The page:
This weekend, a popular writer lit up the internet after sharing her ‘unmotherly’ relationship with her son.In a long candid Facebook post,she opened up on how she doesnt love her son of seven years.This post isnt about her, or her son, but about the complex social issues raised by that post.
In one of her last novels- God Help the Child- Toni Morrison tells the story of a black woman called Sweetness who gives birth to a child she hates from the word go.
While Sweetness is lightskinned, with hair colour they call ‘high yellow’, the child’s skin is midnight black.Black than a Sudanese.The child- whose name is Bride- has curly hair like those naked tribes of Australia.Sweetness hates the child from the start.
Bride grows up without her mother’s love and affection.Sweetness wont even touch her daughter’s skin without a sponge or cloth.Her colour becomes the cross she had to always carry.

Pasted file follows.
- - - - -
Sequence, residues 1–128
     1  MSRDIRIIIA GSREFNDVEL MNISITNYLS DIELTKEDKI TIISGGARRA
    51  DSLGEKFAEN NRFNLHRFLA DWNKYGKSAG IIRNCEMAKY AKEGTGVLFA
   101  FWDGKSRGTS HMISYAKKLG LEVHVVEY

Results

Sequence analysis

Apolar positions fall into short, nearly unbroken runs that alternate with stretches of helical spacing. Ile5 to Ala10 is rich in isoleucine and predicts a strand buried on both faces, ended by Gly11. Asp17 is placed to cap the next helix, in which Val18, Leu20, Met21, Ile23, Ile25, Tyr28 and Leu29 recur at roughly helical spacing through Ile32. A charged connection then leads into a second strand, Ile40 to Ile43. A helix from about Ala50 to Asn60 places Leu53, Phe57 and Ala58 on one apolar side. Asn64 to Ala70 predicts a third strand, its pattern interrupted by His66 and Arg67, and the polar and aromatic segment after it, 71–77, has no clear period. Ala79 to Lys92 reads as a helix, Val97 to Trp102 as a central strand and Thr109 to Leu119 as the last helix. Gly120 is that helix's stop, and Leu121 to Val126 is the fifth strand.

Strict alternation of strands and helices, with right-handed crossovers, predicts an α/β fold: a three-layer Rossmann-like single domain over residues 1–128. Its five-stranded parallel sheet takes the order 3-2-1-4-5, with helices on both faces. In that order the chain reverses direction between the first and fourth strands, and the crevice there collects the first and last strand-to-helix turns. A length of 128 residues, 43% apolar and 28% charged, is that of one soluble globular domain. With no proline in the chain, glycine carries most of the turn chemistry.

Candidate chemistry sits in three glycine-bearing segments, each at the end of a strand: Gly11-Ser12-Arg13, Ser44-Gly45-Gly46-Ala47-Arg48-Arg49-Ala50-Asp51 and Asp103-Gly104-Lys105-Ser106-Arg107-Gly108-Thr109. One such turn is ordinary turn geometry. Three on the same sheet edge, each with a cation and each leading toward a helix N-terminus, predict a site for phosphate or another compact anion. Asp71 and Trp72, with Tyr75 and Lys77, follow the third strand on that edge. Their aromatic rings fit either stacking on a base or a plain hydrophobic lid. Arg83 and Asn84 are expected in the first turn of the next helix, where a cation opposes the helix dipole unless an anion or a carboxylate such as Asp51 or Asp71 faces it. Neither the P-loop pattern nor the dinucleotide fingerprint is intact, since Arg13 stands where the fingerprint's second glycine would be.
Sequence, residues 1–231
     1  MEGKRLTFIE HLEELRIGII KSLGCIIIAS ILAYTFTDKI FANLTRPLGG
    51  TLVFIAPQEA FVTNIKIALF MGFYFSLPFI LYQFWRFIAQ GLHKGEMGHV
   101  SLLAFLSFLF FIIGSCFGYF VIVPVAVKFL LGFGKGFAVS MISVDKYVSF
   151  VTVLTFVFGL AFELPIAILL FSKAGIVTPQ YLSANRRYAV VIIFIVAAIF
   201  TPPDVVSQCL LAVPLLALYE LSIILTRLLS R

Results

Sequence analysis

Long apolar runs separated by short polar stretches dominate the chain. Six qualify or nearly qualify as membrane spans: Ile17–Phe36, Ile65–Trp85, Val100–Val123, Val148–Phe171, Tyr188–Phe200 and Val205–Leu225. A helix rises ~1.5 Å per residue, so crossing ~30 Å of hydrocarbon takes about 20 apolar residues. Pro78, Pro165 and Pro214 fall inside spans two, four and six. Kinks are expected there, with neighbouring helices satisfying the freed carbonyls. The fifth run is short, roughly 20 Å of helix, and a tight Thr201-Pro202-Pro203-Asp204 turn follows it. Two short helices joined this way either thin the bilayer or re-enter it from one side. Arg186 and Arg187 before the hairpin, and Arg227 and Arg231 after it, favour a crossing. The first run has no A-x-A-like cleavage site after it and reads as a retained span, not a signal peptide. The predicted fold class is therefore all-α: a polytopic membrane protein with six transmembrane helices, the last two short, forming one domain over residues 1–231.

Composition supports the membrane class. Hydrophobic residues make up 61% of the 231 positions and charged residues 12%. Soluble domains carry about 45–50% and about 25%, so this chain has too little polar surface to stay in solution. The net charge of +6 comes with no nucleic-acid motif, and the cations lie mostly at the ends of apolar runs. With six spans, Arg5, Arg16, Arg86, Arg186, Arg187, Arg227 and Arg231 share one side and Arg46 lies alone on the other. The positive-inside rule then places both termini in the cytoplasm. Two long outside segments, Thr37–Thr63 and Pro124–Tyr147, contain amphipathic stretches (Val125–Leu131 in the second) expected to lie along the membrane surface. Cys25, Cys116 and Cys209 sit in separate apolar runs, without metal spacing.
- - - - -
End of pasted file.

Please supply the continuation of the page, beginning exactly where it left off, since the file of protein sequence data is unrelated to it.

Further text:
In the end, its Sweetness cruelty to her daughter that impacts on Bride’s life, rather than the colour of her skin. She ends up a fractured child- just like her mom. This is a recurring theme in Toni Morrison’s novels.
Many readers of the book say that Sweetness suffered from post partum depression.I have a problem with the increasing lay use of the word ‘depression’ , together with its prefixes like post partum, clinical,etc.This is because it leads to medicalization of phenomena that are social in nature.
Two,there’s the danger of lumping of complex social phenomena into a single medical condition.Which in turn leads to use of medical means to solve psycho- social problems.
So what is post partum depression?Does ithave biological roots- such as dramatic changes in hormones that occurs after birth?Or does it occur from social causes- such as lacl of support in the motherhood role? Or does it-like in the fictional example of the Sweetness above-originate from unmet expectations in the looks of the new-born baby?
We need to discuss post partum conditions in women. But while we do that, we need to avoid exploring it solely as a medical condition that requires to be solved by popping in anti- depressants. We also need to explore it as a culturally bound syndrome that originates in the mother’s pyscho- social environment.